When you come to visit New York City you might want to see some art of the children’s literary variety. To do so you’ve a couple different options. You could figure out where various artists are having shows. You could find permanent locations around the city where their art is on display. Or you could take the subway.
Every day I take the 2 or 3 train to work. It’s a mere hop, skip, and a jump from my home, a twenty minute ride, and then a hop, skip and a jump to my workplace. Often there are no seats so I stand in the aisles, my eyeballs prey to whatever advertisement happens to be floating before them. That’s why I’ve always been so grateful for MTA’s Arts for Transit program. Suddenly the dull minutes on the train are turned into a lovely game of Guess-the-Children’s-Author (yes, my life can essentially be boiled down to different moment of thinking about children’s books). For you see, suspended where an ad would normally go are these little art cards. And many sport some familiar names.
In the past there were some lovely ones out there. The earliest one was by subway darling Peter Sis (who, if rumors are true, designed the art for an entire station somewhere as well). It was essentially a colorized version of this:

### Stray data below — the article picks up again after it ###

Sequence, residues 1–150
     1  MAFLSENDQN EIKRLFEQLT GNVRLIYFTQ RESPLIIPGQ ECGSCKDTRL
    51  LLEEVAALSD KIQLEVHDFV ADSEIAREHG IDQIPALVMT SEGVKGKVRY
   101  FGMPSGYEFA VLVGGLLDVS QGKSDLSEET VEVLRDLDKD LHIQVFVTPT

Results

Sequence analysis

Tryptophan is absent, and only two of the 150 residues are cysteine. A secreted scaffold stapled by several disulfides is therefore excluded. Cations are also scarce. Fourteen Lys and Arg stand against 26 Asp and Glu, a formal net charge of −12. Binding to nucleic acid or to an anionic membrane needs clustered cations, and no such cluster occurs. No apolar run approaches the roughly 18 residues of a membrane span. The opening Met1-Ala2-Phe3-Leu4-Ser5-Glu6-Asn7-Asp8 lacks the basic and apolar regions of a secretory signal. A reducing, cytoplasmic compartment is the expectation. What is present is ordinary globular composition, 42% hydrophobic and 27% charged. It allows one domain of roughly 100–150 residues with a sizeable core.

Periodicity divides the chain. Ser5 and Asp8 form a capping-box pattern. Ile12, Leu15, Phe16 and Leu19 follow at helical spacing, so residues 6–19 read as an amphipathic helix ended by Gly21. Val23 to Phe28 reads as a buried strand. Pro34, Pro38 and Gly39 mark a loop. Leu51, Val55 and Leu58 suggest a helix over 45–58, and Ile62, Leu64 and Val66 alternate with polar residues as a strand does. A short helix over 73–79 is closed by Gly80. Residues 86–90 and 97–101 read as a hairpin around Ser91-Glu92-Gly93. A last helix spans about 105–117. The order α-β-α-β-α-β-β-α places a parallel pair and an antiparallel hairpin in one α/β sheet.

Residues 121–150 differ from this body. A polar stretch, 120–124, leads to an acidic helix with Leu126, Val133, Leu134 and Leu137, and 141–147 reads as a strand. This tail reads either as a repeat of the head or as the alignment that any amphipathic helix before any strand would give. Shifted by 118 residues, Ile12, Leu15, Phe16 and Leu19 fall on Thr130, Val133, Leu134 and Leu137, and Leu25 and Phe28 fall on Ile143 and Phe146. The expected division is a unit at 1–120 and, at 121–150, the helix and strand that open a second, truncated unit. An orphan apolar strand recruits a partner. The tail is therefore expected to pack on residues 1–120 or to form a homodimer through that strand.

Then for a little while in 2004 there the eclectic duo of Stefan Hagen and Sloane Tanen were all the rage. Do you remember them? They did books like Coco All Year Round and Where Is Coco Going? They were trendy for a little while, then disappeared entirely. But while those two were shining in the sun, they made an art card too:
I like that on his website Gall writes of it, “And though many of you emailing me have claimed to see a metaphor for the Last Supper, any such similarity is strictly coincidental!”
It came out in 2011, but it was only recently that I noticed that R. Gregory Christie (most recently of It Jes’ Happened) had an art card of his own:
And last but not least in the least, Sophie Blackall (Big Red Lollipop and so much more) recently posted on her blog an encapsulation of her own poster, mentioning who she decided to include and who got cut. She slices her poster into pieces for you to see. Here’s my favorite section:
If you would like to buy any of the posters I’ve shown here today, you’re in luck. the MTA store sells them for $25 with proceeds going directly to the not-for-profit New York Transit Museum’s exhibitions and education programs. And you can see all the posters here (I’m sure there are a couple children’s illustrators lurking in there that I missed).